Abstract: In the last two decades the expansion of higher education in India has been the most rapid in human history after that of China. The talk will first document the characteristics of growth and change in higher education in India. It will then address the tensions among the core goals of growth, access, cost and quality and the paradox of large skill premiums despite massive increases in supply even as underemployment among the college educated has been rising. Finally, the talk will examine the political economy of higher education in India, and why there has been so little change in the regulation of higher education and the governance of higher education institutions – and its consequences.
December 5th – Ching Kwan Lee
Authoritarian Precarization: Mapping the Labor Politics of Recognition, Regulation and Reproduction in China
The India China Institute (ICI) at The New School, the International Society for the Study of Religion, Nature and Culture (ISSRNC), American University’s Center for Latin American and Latino Studies (CLALS), and the International Centre for Integrated Mountain Development (ICIMOD) are excited to announce an international conference on the theme of mountains and sacred landscapes, to be held at The New School in New York City from Thursday April 20th to Sunday April 23rd, 2017. The conference will include the latest research on the intersections or religion, nature and culture and will also feature special presentation from the India China Institute’s three-year research project on Sacred Landscapes and Sustainable Futures in the Himalaya (Sacred Himalaya Initiative).
Diverse mountain communities from the Himalaya to the Andes to the Appalachians face growing pressures linked to social and ecological changes. Melting glaciers, shifting agricultural patterns, conflicts over mining and resource extraction, and risks to livelihoods, the consequences of increasingly erratic global climate change, pose unknown future challenges to many sacred landscapes, including mountain communities and ecosystems and those beings, human and nonhuman alike, who rely on these habitats. Scholars have even suggested we have entered a fundamentally new geologic epoch called the Anthropocene.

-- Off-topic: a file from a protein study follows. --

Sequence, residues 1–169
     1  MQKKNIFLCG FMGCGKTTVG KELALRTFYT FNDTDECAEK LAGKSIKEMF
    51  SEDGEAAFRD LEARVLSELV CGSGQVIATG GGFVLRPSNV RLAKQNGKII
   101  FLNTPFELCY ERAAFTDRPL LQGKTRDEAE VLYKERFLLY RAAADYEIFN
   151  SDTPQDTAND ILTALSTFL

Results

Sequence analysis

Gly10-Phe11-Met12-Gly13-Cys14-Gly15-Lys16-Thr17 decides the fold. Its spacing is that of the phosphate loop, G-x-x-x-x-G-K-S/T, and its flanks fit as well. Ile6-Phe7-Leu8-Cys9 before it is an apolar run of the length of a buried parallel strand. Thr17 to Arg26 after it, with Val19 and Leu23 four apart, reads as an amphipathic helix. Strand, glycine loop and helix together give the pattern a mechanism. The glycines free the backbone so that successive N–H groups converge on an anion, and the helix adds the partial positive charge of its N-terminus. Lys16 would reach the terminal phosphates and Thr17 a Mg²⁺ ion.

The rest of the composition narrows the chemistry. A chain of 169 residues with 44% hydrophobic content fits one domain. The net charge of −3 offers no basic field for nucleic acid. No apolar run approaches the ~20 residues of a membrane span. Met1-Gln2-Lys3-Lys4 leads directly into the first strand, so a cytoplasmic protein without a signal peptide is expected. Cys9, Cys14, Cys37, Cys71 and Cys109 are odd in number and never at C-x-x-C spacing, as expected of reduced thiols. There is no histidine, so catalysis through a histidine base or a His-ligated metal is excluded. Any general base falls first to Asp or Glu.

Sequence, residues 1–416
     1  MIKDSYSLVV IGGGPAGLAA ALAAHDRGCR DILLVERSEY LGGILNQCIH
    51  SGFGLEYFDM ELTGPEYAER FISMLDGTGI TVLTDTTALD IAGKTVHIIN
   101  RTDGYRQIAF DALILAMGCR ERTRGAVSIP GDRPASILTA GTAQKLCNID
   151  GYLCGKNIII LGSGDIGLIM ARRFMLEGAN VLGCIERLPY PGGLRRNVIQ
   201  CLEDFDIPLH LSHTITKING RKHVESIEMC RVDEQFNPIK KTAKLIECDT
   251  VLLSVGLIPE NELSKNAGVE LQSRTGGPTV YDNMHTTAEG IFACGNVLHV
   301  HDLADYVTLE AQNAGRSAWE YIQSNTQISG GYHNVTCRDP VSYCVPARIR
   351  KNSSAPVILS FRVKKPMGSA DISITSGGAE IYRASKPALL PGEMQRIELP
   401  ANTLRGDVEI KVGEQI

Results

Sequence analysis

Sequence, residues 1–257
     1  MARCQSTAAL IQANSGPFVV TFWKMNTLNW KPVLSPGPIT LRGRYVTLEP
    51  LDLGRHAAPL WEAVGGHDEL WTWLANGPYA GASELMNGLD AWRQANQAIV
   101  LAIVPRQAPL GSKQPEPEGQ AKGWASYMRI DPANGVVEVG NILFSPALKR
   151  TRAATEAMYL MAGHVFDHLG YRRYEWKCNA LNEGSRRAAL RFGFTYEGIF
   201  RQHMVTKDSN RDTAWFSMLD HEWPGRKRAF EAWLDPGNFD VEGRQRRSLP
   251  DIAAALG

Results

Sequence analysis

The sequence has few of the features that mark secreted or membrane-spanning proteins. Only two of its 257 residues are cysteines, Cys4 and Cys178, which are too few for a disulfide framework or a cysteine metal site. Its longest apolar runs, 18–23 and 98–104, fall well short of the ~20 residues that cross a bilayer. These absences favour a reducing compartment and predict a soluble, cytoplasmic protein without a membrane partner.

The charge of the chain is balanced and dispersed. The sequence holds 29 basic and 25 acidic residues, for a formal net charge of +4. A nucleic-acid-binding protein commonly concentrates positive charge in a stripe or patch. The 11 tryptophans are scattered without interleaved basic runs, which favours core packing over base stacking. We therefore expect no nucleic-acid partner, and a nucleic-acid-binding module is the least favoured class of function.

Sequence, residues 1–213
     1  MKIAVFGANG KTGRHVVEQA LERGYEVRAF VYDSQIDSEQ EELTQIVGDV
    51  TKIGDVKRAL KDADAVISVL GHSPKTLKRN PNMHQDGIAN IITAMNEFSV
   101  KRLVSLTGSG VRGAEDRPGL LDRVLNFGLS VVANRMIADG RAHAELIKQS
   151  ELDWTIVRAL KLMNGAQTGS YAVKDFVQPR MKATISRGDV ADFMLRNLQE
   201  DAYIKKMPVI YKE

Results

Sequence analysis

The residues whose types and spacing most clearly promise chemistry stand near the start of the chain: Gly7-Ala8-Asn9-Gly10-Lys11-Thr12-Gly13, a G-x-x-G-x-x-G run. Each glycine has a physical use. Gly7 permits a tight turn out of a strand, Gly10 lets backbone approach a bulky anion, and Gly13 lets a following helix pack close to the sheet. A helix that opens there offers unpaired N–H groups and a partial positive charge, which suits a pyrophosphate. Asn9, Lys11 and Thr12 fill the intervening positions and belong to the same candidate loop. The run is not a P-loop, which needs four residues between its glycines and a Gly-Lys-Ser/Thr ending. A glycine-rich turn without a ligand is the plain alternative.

The conference seeks to critically explore how the idea of sacred landscapes is entangled with these communities, with a particular interest in topics related to mountain landscapes. Some of the issues we hope to explore include: major challenges and opportunities facing communities in the 21st century; religious conceptualizations of place and landscape; relationships between mountain spiritualities and peoples adapting to climate change; traditional ecological knowledge held by communities that can help address issues of social and ecological justice; the future of mountain and forest peoples; and the fate of more than human worlds inhabiting these diverse landscapes. What kinds of meanings shape and are shaped by the effects of climate change, mass extinction, human population growth and ecological degradation of mountains, forests, rivers and other sacred landscapes? How do ritual activities linked to sacred landscapes respond to environmental challenges, or not? How do mountains—as highly biodiverse ecosystems, as critical sources of water, energy, and materials, as repositories of tradition, and as sacred beings—remain vital components in ongoing processes of religious change? How do understandings of the sacred manifest within and across different landscapes, such as deserts, rivers or forests?